To truly reimagine public education, we don’t need to spend more money. We need to change how money gets spent, so as to maximize access to high-quality education options for all California students. That includes:

Empowering Parents. Across the country, the COVID-19 era has catalyzed a revolution in school choice. Other states, for instance, are advancing legislation to create education savings accounts where parents can direct the state funding allocated to their child wherever they choose. But in California, we are seeing just the opposite: an attempt to eliminate those forms of choice now available.

As traditional public schools remained closed last year, many parents quickly sought out other options. State politicians responded just as quickly by trying to close off those options. The Legislature passed and Newsom signed an urgency measure specifically designed to keep kids enrolled in their closed neighborhood schools. Incredibly, the bill flatly denied funding to growing schools—the ones that were serving students effectively during the pandemic.

The bill’s main target was charter schools. Charters are publicly funded schools open to all free of cost. What makes them different from other public schools is that they aren’t assigned students from the surrounding neighborhood by default; instead, they have to attract families to opt in by offering a desirable product. In addition, their operations are less constrained by the state Education Code, and their employees are not automatically unionized—meaning the California Teachers Association and other large unions don’t get a cut of every teacher’s paycheck. The purpose of the bill Newsom signed was thus to protect the business model of the CTA—which happens to be his biggest campaign contributor—at the expense of families struggling to keep their kids learning during the school shutdown.

To make matters worse, another recently introduced bill, AB 1316, would further restrict access to non-classroom-based charter schools and potentially force hundreds of them to permanently close down. It is no secret that the CTA and its enablers at the state capitol will settle for nothing less than the extinction of charters in California. That these schools have proven to be the best option for many underprivileged kids simply doesn’t matter; that they have driven the types of innovation that, for example, enabled the best forms of distance learning is also irrelevant.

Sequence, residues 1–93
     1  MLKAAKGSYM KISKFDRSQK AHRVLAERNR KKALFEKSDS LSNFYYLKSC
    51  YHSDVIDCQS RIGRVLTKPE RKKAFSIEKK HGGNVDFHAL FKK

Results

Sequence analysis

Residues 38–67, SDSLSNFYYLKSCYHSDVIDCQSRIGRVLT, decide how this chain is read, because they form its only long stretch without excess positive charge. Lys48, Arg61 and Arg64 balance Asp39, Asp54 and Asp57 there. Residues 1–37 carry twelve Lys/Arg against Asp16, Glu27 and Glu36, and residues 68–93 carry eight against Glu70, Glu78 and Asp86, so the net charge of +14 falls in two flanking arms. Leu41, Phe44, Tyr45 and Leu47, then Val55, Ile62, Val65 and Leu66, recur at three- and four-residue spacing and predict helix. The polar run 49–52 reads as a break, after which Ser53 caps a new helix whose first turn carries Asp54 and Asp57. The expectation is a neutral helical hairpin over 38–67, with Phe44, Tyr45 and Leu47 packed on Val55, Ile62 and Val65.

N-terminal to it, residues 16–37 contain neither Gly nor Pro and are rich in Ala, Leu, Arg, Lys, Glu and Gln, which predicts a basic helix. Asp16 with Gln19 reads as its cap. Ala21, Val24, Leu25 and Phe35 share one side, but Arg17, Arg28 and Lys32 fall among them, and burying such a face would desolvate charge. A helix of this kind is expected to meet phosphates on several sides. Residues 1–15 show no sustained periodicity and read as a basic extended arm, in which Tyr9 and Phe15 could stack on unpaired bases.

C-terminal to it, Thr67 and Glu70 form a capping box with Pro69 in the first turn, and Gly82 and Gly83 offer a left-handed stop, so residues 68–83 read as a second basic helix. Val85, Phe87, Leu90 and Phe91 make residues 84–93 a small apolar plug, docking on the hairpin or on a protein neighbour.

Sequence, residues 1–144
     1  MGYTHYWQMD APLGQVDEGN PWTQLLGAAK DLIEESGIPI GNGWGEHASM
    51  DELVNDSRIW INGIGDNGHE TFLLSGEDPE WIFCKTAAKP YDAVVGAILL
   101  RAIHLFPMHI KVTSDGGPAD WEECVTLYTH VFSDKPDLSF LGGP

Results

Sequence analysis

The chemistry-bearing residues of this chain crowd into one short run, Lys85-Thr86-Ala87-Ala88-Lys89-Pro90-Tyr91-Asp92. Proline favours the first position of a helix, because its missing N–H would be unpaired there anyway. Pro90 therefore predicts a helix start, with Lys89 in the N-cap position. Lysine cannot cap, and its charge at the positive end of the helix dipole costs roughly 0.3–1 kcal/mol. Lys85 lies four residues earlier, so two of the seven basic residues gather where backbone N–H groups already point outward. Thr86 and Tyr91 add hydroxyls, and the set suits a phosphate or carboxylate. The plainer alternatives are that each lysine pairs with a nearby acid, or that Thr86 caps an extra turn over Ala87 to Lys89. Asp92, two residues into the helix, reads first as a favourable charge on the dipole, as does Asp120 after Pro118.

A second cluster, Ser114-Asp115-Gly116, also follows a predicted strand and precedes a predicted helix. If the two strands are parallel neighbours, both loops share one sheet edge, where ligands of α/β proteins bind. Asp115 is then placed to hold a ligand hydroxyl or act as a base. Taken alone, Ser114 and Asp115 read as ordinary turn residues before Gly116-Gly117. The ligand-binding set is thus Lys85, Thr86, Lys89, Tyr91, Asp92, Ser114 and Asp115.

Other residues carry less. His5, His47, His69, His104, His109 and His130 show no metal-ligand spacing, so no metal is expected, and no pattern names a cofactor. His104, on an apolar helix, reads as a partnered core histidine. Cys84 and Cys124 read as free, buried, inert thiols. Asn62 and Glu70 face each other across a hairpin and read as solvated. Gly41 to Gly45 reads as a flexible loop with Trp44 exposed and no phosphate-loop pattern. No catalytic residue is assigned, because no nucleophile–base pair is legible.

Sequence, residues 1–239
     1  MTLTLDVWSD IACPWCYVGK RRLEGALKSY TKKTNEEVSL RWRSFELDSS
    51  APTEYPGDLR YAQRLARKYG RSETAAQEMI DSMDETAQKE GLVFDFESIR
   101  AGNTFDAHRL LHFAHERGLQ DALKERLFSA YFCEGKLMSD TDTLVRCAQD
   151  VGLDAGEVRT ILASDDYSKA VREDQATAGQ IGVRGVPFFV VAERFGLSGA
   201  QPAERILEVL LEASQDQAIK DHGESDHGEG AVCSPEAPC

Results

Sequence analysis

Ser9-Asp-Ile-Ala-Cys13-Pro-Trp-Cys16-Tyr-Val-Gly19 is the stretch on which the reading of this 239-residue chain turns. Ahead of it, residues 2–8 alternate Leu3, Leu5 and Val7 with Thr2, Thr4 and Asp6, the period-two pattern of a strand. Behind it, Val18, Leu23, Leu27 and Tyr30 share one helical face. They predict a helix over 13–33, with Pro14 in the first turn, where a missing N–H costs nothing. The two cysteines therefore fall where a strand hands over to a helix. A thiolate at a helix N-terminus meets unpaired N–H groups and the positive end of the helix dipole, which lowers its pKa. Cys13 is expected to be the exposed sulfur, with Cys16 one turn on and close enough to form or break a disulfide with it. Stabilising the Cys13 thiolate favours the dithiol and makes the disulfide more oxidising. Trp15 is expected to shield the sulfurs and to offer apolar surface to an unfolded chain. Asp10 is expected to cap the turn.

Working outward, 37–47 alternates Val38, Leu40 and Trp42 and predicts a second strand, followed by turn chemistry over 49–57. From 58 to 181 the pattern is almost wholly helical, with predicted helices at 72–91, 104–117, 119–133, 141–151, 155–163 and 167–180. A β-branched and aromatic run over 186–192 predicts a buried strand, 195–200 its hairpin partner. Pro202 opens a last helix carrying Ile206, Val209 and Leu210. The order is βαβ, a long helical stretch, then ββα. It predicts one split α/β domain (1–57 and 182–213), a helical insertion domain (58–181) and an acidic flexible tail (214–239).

In other states, large underperforming districts have been transformed by embracing the principles of chartering. California could improve the life prospects of countless young people by following this example: end the war on charters and adopt policies that make it easier to start and expand high-performing charters. For instance, instead of giving the job of approving a new charter school to local districts—which have their own schools to worry about and are often reluctant to create a competitor—this power could be placed in the hands of an independent authority tasked solely with assessing the school’s prospects to advance student achievement. More broadly, school districts themselves could be given the flexibility to operate more like charters by repealing many parts of the Education Code that successful charters have proven are unnecessary.

In California, it must be said, school choice is already fully available to a portion of the population: wealthy families who can pay private tuition or move to a neighborhood with quality public schools. The prevailing education agenda at our state capitol seeks to entrench this inequity. A school choice agenda, by contrast, seeks to overcome it by putting every California parent in the driver’s seat, regardless of where they live or how much money they make.

Valuing Teachers. When it comes to successful learning, teachers are everything. By some measures, having a great teacher has an impact two to three times greater than any other factor. Yet California education policy is not designed to promote the success of our teachers in the classroom.